- Design flexible spaces that can be adapted to accommodate a change of use with minimal interventions
- Smart technology:
- Use of touch-less technology such as automatic doors; voice-activated or mobile phone-controlled lifts, hotel room entry, lights, ventilation, blinds, temperature control; use of facial recognition for entry.
- Interior design:
- Specify anti-bacterial, or easy-to-clean, materials, fittings, surfaces
- Minimise the number of flat surfaces where germs can sit, e.g. high-level ledges or window cills that are not easily reached for regular cleaning
- Flush fitting electrical and data sockets where possible
- Provide greenery indoors – species that are known to absorb pollutants – for improved IAQ, as well as the health and wellbeing benefits
- Consider indoor water features – calming effect, cooling, improved IAQ
- External spaces:
- Provide better public realm spaces in and around buildings, which will encourage people to spread out; provide pleasant environments that enable social distancing; consider placement of street furniture to assist social distancing, while encouraging use of outdoor spaces
- Provide local food production spaces
Designing pandemic-ready places in this way will also ensure a sustainable and accessible built environment, that responds to social, economic and environmental issues. Added advantages of simplifying designs and adding a level of automation include reducing the amount of materials used and helping reduce energy consumption, thereby resulting in lower carbon emissions from buildings – helping progress towards a Net Zero Carbon built environment.
At a time when we’ve all had the opportunity to stand back and re-think the way we live and the decisions we make, designing a sustainable built environment for all and balancing socio-economic inequalities exposed during this crisis, I think will be a priority for all designers as we strive to build back better.
One of the simplest and most cost-effective ways of improving a building’s performance (once passive design measures and building fabric have ensured reduced energy load) is to install accessible data monitoring equipment. If reviewed regularly, the data collected can help ensure energy systems are working as expected and if not, determine why. So, what prevents data monitoring equipment from being installed in construction projects?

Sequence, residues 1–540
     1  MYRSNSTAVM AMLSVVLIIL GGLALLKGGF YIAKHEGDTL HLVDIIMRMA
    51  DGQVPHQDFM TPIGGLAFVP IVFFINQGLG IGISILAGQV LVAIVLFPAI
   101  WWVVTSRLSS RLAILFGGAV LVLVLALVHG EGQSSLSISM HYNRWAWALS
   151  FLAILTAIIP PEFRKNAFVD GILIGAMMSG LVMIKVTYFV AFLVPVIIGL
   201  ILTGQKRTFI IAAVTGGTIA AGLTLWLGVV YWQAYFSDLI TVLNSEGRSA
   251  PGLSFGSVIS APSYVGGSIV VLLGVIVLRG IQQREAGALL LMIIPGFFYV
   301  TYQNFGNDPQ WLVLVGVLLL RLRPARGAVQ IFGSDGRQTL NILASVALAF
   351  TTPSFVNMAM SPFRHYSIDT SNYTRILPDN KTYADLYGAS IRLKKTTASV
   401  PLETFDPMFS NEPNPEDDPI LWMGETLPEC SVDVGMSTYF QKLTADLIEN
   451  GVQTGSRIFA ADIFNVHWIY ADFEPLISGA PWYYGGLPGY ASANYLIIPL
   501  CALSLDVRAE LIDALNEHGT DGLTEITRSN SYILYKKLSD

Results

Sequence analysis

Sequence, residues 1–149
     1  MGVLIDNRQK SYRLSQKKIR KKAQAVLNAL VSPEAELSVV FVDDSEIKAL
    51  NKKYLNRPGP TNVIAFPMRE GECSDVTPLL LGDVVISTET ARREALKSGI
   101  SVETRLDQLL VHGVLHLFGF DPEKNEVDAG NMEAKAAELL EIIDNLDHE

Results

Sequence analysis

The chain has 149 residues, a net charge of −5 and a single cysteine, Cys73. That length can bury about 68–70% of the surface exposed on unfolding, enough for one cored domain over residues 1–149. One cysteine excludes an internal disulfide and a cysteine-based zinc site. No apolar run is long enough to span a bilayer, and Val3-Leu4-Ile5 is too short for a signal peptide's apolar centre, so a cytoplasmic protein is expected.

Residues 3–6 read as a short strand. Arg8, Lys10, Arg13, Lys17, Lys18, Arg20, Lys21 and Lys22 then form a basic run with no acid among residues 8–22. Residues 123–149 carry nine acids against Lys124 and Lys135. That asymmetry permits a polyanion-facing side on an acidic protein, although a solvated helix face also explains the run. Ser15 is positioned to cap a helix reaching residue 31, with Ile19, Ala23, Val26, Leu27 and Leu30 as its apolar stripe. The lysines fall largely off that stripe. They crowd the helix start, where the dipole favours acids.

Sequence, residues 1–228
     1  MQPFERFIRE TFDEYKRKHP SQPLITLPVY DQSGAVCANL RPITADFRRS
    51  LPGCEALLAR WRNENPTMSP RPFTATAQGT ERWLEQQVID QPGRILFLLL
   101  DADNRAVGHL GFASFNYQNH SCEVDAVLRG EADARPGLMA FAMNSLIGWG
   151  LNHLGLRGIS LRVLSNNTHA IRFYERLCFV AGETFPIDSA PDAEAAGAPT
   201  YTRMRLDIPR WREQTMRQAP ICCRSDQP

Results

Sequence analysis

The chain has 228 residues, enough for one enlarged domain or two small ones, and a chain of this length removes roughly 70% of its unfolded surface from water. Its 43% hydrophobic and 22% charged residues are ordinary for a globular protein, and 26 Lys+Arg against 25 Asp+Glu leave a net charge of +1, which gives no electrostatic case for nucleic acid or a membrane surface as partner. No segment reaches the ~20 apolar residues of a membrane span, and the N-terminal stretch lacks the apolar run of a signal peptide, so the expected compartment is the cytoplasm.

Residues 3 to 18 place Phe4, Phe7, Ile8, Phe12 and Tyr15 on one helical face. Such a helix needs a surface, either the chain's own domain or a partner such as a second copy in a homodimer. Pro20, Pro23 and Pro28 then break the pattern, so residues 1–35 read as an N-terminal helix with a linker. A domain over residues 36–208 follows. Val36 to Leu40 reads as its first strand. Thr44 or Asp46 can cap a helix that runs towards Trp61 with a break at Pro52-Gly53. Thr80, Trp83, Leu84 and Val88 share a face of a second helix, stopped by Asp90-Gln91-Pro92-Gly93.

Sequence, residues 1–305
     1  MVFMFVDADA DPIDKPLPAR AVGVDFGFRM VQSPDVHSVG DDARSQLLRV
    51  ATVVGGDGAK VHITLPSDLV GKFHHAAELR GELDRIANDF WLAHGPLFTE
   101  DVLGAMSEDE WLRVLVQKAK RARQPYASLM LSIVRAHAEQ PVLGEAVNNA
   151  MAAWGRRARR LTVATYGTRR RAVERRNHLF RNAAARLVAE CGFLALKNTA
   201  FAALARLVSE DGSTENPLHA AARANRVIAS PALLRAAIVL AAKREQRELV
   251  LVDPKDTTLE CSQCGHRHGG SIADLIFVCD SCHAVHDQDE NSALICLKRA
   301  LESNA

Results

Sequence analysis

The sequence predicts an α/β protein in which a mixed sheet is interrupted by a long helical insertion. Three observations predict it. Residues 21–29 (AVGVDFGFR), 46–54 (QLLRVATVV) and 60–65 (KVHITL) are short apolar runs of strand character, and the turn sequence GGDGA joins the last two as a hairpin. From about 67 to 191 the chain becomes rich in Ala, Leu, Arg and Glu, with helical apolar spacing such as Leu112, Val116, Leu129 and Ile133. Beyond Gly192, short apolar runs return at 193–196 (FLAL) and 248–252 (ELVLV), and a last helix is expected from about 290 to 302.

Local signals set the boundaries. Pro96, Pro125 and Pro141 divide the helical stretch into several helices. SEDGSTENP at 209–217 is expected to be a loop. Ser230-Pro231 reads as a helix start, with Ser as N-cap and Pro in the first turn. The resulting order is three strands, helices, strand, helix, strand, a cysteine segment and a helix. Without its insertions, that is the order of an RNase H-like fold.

The perceived additional cost remains a big obstacle, meaning monitoring systems are often ‘value-engineered’ out of projects at construction stage (a reminder that ‘value-engineering’ is not always about achieving best value, but more a way to reduce construction costs!). This will continue to be an issue until clients can be persuaded of the importance of incorporating a robust data monitoring system in their building, how it can provide greater insight and optimisation of a building’s true performance for both energy and cost savings. Data monitoring is a victim of the focus on capital costs in building projects, instead of taking a long term view and considering operational costs over the building’s lifetime, which are much more important in practice, but are often not necessarily understood at design and construction stage.
In its first year of operation, our Active Office consumed 26MWh of electricity – not vastly more than it generated, but enough to prevent it from claiming to be energy positive. Like with most buildings, commissioning continued well into the first year and beyond. However, unlike many buildings, we did install a substantial amount of data monitoring, which enabled us to identify issues that increased the energy consumption in operation from our design estimations. After some fairly simple tweaks, we were able to reduce the annual energy consumption to 23MWh in its second year, a 3MWh saving, and there is still more to do. Changes so far have included installing larger heater batteries in the air-handling units (as originally specified) and adjustments to the time clock operation – not particularly complicated matters, but it was the data that enabled us to identify reasons for excessive energy use, which could then be remedied.